Once again, streaming is part of the games industry’s future. Just under ten years after OnLive first launched, the likes of Microsoft and Google are betting big on cloud tech with their xCloud and Stadia platforms.
But they aren’t the only players in this new wave of companies looking to beam content to any and all devices via the internet. French firm Blade was founded back in late 2015, with its Shadow streaming platform rolling out two years later. Along the way, it has attracted the tidy sum of over $100m in funding, too, including a $33m investment announced last week.
Unlike its competitors in the space, Shadow is a high-end computer in the cloud. Though it’s being marketed as a games product, consumers can use it for regular applications like Word and Photoshop — paid for by a monthly subscription service. As a result, users can boot up any game they want via platforms like Steam or GOG.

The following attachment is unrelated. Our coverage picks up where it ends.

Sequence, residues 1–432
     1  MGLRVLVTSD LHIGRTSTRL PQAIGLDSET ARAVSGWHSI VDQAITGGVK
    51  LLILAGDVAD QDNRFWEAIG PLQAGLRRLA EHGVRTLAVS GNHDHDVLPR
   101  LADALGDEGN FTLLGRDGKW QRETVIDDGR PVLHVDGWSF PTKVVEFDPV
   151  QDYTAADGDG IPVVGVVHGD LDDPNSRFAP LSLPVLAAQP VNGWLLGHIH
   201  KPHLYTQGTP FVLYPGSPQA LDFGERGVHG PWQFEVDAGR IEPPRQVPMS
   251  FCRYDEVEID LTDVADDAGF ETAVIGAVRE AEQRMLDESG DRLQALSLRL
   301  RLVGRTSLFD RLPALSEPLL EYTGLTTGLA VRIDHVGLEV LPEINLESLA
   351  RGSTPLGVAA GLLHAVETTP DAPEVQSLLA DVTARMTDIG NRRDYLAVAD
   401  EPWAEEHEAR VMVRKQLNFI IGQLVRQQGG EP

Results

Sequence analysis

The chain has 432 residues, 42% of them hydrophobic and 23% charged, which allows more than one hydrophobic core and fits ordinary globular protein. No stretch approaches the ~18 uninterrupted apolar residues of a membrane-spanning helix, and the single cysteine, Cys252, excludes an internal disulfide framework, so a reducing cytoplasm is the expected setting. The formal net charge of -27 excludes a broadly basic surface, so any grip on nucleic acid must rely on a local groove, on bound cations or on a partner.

“We are streaming a computer, which means users aren’t limited to a catalogue or a library of games, or some usage that the company has predefined,” says co-founder Emmanuel Freund, who has just stepped down as CEO to have a more hands-on role.
“After that, we also have the technology. We’re the only company to master this level of quality, with the lowest latency in the world.”